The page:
Liver Flukes Treatment & Symptoms To Look Out For

Signs & Symptoms

Signs and Symptoms

The majority of infected persons never get sick. While immature flukes travel (migrate) from the colon via the abdominal cavity and liver, some people become unwell early in the infection. The acute (migratory) phase symptoms might appear 4 to 7 days after exposure and extend for long.

Constitutional symptoms may be seen. Malaise, fever, anorexia, nausea, vomiting, diarrhea, bowel changes, and weight loss are symptoms.

Adult flukes in the bile ducts make some patients unwell during the chronic phase of the infection in the duct system of the liver. If any symptoms are linked with this phase, they can appear months or years after the exposure. For example, inflammation and obstruction of the bile ducts can cause symptoms.

During both phases of the illness, clinical signs can include fever, malaise, stomach discomfort, eosinophilia, hepatomegaly (an enlarged liver), and abnormal liver tests. Furthermore, patients with eosinophilia are more likely to be in the mobile phase of symptoms, and itching is common in persons with new-onset Fascicoliosis. Primary common bile duct stones are thought to follow bacterial infection after parasitic infections with Clonorchis sinensis, Ascaris lumbricoides, or Fasciola hepatica in Far Eastern nations where bile duct infection is common. Cholangitis due to secondary bacterial infection, septicemia, liver abscess, and biliary stricture can be complications of common bile duct stones, which can cause partial or full bile duct obstruction.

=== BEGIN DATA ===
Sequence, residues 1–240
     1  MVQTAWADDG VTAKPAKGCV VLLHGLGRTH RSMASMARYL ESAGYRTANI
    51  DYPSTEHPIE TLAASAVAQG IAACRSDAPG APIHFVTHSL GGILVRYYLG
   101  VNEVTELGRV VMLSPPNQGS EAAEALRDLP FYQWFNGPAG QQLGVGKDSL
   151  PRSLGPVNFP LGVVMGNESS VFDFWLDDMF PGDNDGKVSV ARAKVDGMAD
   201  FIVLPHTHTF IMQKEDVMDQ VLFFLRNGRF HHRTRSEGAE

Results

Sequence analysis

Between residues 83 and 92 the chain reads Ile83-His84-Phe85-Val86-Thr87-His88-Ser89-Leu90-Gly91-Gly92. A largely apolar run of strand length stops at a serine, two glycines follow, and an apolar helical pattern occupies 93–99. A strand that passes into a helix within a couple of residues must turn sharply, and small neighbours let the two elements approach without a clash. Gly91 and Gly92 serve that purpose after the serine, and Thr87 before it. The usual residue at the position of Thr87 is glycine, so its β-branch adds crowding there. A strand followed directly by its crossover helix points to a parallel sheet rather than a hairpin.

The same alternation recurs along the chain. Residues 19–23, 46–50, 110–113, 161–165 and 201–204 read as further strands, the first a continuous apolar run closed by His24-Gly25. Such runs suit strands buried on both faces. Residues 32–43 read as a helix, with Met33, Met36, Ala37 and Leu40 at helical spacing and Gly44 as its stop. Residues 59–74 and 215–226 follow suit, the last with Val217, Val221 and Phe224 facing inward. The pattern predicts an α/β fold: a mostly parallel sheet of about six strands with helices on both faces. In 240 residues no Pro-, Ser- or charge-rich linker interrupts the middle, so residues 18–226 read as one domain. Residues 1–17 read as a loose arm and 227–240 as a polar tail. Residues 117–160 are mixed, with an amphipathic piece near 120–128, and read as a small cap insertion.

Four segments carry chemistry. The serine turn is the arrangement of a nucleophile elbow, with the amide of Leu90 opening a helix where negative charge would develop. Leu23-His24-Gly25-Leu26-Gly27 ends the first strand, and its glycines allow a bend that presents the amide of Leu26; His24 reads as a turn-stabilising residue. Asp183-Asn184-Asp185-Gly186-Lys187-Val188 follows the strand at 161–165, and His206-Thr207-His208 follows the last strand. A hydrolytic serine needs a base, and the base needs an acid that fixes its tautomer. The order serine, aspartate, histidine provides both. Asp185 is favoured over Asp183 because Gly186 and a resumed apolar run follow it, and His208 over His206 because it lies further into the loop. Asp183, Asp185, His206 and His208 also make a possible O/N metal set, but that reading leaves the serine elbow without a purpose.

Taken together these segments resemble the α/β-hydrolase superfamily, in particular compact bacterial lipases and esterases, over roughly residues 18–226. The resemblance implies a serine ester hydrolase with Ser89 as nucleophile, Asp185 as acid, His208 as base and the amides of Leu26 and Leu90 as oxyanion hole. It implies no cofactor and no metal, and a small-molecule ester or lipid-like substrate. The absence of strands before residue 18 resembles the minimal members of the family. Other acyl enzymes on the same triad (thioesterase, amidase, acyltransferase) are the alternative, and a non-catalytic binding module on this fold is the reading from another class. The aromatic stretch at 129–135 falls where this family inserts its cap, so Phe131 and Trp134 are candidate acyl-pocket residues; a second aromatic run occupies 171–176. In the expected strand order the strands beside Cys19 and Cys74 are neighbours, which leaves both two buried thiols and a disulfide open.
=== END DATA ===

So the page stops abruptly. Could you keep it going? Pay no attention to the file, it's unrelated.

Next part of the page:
Written by Greg M. Wilcox

With a background in medical research, I'm dedicated to unraveling the complexities of health and nutrition in a way that's easy to understand and implement. From debunking myths to sharing science-backed insights, my goal is to guide you on a journey towards optimal well-being.